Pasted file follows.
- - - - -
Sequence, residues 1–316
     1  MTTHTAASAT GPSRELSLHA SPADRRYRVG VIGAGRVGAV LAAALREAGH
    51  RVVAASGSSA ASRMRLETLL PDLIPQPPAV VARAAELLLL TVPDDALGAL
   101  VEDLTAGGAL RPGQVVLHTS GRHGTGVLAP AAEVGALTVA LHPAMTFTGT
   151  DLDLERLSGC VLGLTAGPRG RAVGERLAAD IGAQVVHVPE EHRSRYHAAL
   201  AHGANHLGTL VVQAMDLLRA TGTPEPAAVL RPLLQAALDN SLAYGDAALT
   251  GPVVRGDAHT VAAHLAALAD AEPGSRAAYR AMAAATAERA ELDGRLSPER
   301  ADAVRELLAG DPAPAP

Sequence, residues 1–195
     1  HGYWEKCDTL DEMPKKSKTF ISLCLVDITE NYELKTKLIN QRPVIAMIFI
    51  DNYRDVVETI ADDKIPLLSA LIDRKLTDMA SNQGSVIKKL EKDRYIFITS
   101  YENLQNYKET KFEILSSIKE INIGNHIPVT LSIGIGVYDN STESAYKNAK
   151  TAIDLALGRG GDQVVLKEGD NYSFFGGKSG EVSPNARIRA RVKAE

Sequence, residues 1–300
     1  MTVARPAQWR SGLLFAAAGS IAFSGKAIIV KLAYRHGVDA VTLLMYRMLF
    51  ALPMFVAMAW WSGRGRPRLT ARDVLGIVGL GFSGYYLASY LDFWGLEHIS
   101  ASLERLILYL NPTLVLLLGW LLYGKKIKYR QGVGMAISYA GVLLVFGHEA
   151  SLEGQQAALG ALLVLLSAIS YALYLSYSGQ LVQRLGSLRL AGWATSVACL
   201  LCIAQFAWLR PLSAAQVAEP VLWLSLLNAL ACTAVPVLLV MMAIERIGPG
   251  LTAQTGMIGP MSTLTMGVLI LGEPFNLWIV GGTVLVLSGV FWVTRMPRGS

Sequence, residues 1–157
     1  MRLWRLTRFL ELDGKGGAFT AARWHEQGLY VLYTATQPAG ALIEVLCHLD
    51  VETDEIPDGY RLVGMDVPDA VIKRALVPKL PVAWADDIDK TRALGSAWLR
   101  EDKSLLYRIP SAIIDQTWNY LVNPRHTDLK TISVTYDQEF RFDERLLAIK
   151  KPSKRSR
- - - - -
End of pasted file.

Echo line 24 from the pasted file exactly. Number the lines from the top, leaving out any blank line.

   101  EDKSLLYRIP SAIIDQTWNY LVNPRHTDLK TISVTYDQEF RFDERLLAIK